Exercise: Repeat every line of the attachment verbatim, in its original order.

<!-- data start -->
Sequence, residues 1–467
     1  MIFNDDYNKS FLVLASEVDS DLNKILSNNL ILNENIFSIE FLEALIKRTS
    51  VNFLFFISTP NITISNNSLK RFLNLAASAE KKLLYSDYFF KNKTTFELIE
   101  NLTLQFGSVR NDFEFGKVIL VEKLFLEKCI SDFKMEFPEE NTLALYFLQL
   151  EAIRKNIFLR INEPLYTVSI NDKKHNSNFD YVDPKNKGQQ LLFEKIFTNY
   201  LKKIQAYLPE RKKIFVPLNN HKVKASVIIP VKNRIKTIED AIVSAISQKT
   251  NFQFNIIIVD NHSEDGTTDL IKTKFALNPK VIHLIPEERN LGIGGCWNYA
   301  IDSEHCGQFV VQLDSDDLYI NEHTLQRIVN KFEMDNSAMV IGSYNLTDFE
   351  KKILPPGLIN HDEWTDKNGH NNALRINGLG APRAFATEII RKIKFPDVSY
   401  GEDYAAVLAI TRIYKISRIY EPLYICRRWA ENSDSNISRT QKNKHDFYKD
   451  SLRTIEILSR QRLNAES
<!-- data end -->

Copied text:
Sequence, residues 1–467
     1  MIFNDDYNKS FLVLASEVDS DLNKILSNNL ILNENIFSIE FLEALIKRTS
    51  VNFLFFISTP NITISNNSLK RFLNLAASAE KKLLYSDYFF KNKTTFELIE
   101  NLTLQFGSVR NDFEFGKVIL VEKLFLEKCI SDFKMEFPEE NTLALYFLQL
   151  EAIRKNIFLR INEPLYTVSI NDKKHNSNFD YVDPKNKGQQ LLFEKIFTNY
   201  LKKIQAYLPE RKKIFVPLNN HKVKASVIIP VKNRIKTIED AIVSAISQKT
   251  NFQFNIIIVD NHSEDGTTDL IKTKFALNPK VIHLIPEERN LGIGGCWNYA
   301  IDSEHCGQFV VQLDSDDLYI NEHTLQRIVN KFEMDNSAMV IGSYNLTDFE
   351  KKILPPGLIN HDEWTDKNGH NNALRINGLG APRAFATEII RKIKFPDVSY
   401  GEDYAAVLAI TRIYKISRIY EPLYICRRWA ENSDSNISRT QKNKHDFYKD
   451  SLRTIEILSR QRLNAES